Diana Kruzman wrote this article for Grist. The story was shared through the Minnesota News Connection.
Environmental activist Sue Nissen wears a teaspoon on a string around her neck, which she likes to hand out to lawmakers during hearings in the Minnesota state legislature. That’s because one teaspoon of salt is enough to pollute five gallons of water, making it inhospitable for life.
Road crews dump more than 20 million metric tons of salt on U.S. roads each winter to keep them free of ice and snow—an almost unfathomable number of teaspoons. Now, Nissen’s organization, Stop Over Salting, is pushing for Minnesota to pass a bill to reduce that figure by helping applicators learn how to use less of it—a technique called “smart salting.”
The reason, she said, is because the state’s freshwater bodies are in a crisis: 54 lakes and streams are “impaired” by high salt concentrations, meaning they fail to meet federal water quality standards, while dozens of others are drawing closer to that tipping point, according to the Minnesota Pollution Control Agency. But environmental activists and scientists argue that it’s possible to maintain winter safety while reducing the amount of salt spread on streets and highways.
“There are solutions,” Nissen told Grist. “We can still have our winter mobility and be safe … with less salt.”
Road salt, which works by lowering the melting point of ice, is cheap and effective, reducing car accidents by up to 85 percent. But aside from corroding metal and concrete—leading to an estimated $5 billion worth of damages each year—it also ends up in rivers and lakes, where it has toxic effects on aquatic life. In January, researchers from the United States and Canada found that even salt concentrations below the threshold considered “safe” by governments were causing severe damage to organisms.
Warnings about the effects of road salt on freshwater bodies and ecosystems first started in the 1970s, said Bill Hintz, the study’s lead author and an environmental scientist at the University of Toledo in Ohio. But salt use has tripled since then. Now, with climate change encouraging excessive salting by making winter storms more unpredictable, officials in states like Minnesota are starting to realize the magnitude of the problem.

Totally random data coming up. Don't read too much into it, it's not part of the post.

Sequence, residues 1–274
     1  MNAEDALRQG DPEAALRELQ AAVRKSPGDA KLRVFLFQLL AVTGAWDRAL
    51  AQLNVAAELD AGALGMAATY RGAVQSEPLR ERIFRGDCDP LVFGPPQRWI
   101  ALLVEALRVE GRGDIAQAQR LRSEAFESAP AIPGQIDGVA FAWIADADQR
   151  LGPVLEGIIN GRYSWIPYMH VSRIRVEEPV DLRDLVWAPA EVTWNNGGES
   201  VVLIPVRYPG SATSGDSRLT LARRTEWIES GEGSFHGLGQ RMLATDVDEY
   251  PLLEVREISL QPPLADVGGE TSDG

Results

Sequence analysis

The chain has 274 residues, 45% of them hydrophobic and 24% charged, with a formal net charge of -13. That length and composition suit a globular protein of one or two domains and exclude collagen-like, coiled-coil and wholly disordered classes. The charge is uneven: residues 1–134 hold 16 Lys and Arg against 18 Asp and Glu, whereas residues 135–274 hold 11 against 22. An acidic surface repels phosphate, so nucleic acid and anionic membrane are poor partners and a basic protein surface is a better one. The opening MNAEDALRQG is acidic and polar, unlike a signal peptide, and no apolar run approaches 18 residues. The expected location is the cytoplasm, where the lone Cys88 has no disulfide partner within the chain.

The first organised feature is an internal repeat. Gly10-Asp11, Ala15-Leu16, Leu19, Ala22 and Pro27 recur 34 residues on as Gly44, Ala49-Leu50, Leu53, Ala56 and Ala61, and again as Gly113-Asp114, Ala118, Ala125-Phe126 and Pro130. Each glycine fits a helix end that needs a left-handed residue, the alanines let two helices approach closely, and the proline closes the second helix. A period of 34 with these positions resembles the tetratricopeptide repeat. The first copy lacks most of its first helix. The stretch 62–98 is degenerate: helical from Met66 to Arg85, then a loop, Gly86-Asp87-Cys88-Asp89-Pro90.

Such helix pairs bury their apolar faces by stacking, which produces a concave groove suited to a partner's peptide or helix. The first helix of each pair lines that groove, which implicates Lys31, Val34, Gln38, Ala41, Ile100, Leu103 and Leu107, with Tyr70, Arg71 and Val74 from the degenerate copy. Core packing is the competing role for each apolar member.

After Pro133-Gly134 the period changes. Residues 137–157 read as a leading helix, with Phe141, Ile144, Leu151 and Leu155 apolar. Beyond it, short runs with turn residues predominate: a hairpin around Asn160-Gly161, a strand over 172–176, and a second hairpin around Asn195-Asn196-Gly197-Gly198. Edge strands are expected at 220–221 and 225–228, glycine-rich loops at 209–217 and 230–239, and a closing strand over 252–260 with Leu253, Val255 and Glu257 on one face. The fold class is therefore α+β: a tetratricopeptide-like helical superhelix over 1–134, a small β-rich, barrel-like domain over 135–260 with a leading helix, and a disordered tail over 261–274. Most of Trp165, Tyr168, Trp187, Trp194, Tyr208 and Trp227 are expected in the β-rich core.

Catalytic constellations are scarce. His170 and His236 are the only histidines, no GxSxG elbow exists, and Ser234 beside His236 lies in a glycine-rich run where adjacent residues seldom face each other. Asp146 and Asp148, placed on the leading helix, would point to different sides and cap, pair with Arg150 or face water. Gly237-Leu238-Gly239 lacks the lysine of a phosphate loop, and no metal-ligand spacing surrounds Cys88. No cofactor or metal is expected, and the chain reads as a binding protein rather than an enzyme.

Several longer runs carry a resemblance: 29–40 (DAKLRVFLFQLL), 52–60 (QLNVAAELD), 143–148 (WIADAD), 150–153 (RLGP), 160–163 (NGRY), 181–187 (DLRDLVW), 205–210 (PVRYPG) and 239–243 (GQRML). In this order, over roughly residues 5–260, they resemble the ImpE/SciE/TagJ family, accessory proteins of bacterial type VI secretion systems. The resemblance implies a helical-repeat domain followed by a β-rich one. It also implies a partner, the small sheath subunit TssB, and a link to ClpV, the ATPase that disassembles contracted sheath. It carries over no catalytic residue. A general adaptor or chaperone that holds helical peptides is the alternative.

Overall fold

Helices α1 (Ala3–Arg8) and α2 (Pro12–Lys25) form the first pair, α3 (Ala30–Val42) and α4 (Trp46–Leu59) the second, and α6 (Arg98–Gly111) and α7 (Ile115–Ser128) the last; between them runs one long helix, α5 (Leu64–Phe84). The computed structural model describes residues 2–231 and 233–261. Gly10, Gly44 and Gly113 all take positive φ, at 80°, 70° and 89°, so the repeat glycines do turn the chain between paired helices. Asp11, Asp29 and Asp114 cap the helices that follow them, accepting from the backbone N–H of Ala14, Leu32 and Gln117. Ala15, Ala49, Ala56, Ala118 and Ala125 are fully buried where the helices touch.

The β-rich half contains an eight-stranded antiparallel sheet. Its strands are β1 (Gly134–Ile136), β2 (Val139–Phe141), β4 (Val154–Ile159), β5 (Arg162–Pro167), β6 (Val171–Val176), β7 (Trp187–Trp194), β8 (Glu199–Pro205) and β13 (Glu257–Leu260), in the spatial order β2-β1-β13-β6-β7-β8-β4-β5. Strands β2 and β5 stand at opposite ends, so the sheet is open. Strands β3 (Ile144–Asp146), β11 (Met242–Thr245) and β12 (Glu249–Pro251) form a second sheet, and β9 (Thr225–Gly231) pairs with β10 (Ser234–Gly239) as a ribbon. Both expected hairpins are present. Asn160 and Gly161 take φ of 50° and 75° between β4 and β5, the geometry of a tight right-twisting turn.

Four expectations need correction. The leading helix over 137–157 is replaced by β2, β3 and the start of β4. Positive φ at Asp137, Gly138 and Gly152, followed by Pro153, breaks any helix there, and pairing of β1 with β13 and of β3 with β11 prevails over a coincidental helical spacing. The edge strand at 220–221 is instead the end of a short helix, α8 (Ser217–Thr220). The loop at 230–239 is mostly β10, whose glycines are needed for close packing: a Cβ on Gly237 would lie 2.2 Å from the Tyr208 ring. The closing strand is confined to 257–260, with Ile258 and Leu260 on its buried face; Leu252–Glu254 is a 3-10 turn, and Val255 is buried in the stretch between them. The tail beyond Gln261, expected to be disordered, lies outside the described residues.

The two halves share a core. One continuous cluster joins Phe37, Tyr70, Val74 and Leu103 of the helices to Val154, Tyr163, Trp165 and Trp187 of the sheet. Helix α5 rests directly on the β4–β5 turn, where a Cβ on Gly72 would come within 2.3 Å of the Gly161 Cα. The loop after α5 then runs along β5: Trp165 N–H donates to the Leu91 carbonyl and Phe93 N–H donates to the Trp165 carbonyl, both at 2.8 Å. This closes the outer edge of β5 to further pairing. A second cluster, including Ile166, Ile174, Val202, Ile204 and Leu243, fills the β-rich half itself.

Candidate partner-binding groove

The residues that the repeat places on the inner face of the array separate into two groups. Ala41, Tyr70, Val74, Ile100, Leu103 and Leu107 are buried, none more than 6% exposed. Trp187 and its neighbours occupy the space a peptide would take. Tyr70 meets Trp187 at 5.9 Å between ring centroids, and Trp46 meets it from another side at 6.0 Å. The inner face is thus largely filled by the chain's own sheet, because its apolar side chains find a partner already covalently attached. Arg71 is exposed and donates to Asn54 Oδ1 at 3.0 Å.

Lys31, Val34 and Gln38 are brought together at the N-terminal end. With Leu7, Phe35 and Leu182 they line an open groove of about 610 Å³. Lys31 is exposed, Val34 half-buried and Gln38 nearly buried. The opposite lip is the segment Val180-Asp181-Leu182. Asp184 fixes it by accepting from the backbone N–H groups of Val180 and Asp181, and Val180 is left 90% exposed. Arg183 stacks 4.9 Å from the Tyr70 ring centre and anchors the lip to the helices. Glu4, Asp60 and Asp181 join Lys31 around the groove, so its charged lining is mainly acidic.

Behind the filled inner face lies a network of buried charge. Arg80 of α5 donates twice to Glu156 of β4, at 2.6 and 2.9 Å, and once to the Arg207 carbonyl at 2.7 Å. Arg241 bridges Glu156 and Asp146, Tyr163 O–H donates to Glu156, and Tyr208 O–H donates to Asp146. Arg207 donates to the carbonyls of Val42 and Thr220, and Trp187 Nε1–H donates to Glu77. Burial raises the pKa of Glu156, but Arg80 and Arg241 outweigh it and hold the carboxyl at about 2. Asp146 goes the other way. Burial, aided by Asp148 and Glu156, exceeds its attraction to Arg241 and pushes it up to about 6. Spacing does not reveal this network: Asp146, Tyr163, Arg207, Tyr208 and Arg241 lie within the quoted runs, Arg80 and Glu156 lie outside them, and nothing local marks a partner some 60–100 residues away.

The Minnesota bill, if it passes, would be one of the first state laws to encourage “smart salting,” a way to reduce road salt use while still maintaining winter safety. New Hampshire passed a similar law in 2013, while Wisconsin also has a “salt wise” training program. In New York, the Adirondack Road Salt Reduction Task Force launched a three-year pilot program this month to reduce freshwater salt contamination.
The concept of smart salting encompasses a range of technologies and techniques. Brining involves laying down a liquid mixture of salt before a storm, which prevents ice from sticking and reduces the need for repetitive salting.
It also includes applicators learning how to calibrate their equipment to know how much salt they’re using in the first place, as well as when to stop salting (below 15 degrees Fahrenheit, for example, salt is much less effective). Minnesota has been training applicators in these techniques since 2005, but under the new bill, certified “smart salters” would be protected from liability, preventing them from being sued for slip-and-fall accidents.
Nissen hopes that this protection will encourage more private applicators to be certified in smart salting practices, which are not only better for the environment but help save money on salt. But convincing them is a challenge, she said, because people have come to associate the sight of salt with winter safety. “If anybody calls in and says, ‘I don’t see enough salt,'” she said, “they call the applicator and say ‘get out there and put more salt down.'”